Meleeah Abkarian studied voice at PCM with Mariné Ter-Kazaryan and graduated in 2010. Since then, she has received her Bachelor and Master of Music in Vocal Performance and has performed in several international opera programs. She now works as a voice and piano instructor at 88 Keys Music Academy in Arcadia. Below, Meleeah shares about her career and experiences that have inspired her as a musician.
PCM: What have you been up to since leaving PCM? MA: Since leaving PCM, I have gone on to receive my Master’s in Music degree in Vocal Performance from California State University, Northridge. During my studies, I have been privileged to participate and perform in several opera programs, including Franco-American Vocal Academy in France, CSU Summer Arts in Germany, and the Vancouver International Song Institute. I am currently teaching voice and piano at 88 Keys Music Academy, while continuing to work on arias for upcoming performances and auditions.
PCM: Your bio on the 88 Keys website talks about how you include Armenian songs in your repertoire. Can you share why this is important to you? MA: My Armenian heritage and culture is an essential part of who I am as a person, and to include Armenian music in my repertoire has always been instinctive. It is a blessing to be able to perform and share the music of my culture, and, by doing so, keep the Armenian culture alive through the performance of its music.
PCM: What’s the age range of your students at 88 keys? MA: I teach a wide range of ages, from about four/five years of age to adults over the age of fifty.
PCM: Can you share a highlight from one of the international opera programs you participated in? Why were these programs important to you – personally, professionally, musically? MA: I have many wonderful experiences from all the programs I’ve been privileged to participate in – from performing in medieval castles to master classes with some of the industry’s most renowned coaches and professionals.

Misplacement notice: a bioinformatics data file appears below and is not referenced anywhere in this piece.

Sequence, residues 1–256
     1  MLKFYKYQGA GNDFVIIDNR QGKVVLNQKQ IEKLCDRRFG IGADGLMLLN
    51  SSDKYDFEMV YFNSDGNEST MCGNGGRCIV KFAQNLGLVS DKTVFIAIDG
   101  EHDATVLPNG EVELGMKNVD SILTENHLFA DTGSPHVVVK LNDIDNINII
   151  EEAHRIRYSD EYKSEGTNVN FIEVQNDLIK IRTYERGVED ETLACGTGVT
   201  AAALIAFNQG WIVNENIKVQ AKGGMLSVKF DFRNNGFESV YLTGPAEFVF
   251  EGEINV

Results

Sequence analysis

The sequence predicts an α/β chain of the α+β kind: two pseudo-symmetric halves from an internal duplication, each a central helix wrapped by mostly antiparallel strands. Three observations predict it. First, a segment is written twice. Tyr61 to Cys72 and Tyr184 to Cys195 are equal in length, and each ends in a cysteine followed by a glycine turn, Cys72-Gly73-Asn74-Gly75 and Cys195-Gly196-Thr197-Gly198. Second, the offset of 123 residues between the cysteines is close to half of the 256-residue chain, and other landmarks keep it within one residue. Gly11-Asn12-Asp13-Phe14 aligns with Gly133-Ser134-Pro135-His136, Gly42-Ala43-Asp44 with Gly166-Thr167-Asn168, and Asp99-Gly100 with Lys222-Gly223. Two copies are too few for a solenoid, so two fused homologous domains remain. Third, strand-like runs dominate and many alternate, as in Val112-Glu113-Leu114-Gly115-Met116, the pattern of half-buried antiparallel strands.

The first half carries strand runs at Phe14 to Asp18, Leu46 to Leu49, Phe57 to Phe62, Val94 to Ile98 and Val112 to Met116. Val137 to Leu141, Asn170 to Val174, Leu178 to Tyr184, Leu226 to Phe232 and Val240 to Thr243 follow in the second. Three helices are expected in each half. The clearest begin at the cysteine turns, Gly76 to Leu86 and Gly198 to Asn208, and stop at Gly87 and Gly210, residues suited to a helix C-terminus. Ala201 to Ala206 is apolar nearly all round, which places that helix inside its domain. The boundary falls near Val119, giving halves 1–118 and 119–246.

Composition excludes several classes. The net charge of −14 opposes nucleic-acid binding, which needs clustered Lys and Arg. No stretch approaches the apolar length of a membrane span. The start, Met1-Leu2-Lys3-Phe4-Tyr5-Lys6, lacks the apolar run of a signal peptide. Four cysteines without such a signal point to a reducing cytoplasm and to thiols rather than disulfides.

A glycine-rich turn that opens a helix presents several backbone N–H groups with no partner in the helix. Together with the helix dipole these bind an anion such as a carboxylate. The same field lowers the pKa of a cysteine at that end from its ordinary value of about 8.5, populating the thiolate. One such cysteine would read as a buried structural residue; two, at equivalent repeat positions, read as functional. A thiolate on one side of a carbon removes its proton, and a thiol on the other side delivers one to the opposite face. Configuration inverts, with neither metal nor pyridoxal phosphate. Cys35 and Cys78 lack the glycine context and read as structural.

There is one common takeaway for me that has been fundamental in my development as a musician: you must be prepared for anything and everything. Not only do you have to be prepared with basic things – making sure the repertoire is learned, memorized, translated, and technically sound – but you must also be prepared emotionally and mentally and completely open to the rigorous demands of this industry. These opera programs are so important because they offer insight into what it takes to be a successful artist and whether you are well equipped for the journey.
PCM: Has there been a particular piece of music or operatic role that really spoke to you? MA: The piece of music (or pieces) that has stood out to me is the song cycle Siete canciones populares españolas by Manuel de Falla. I became interested in Spanish repertoire later on, just before starting my master’s degree. Later, while learning Siete canciones for my graduate recital, I fell in love with the songs/style. It was pure fun to perform, especially doing all seven pieces in the song cycle. I also performed them with a guitar quartet, which was a truly enjoyable and unique experience.
PCM: What is your favorite memory at PCM? MA: I have many fond memories at PCM. My greatest blessing was beginning operatic training with my teacher, Mariné Ter-Kazaryan, when I really began to delve into repertoire and technique. Also, being able to participate in my first recital at PCM performing an aria for the first time was probably one of the most thrilling and exciting moments for me.
PCM: Is there a piece of advice that Ms. Ter-Kazaryan shared with you that you would like to share with others? MA: I am so grateful to Ms. Ter-Kazaryan. She not only instilled in me a solid foundation of vocal technique, she also inspired and encouraged me to keep pursuing music. One piece of advice from her that has resonated with me is to always have confidence in your ability. Attaining good technique is important but having confidence in one’s ability is essential as a performer.
PCM: What are some of your goals for the future? MA: My goal for the future is to continue being involved in music, whether it’s teaching, performing, or both. Music is and always will be a part of who I am, and I am blessed to have the opportunity and ability to be on this journey of music.
PCM: What is the most valuable thing you have learned from studying music? MA: You are constantly learning and growing as a musician, and I think that is the most valuable thing I have taken away from this journey. The learning never ends, and it is important to be patient and open.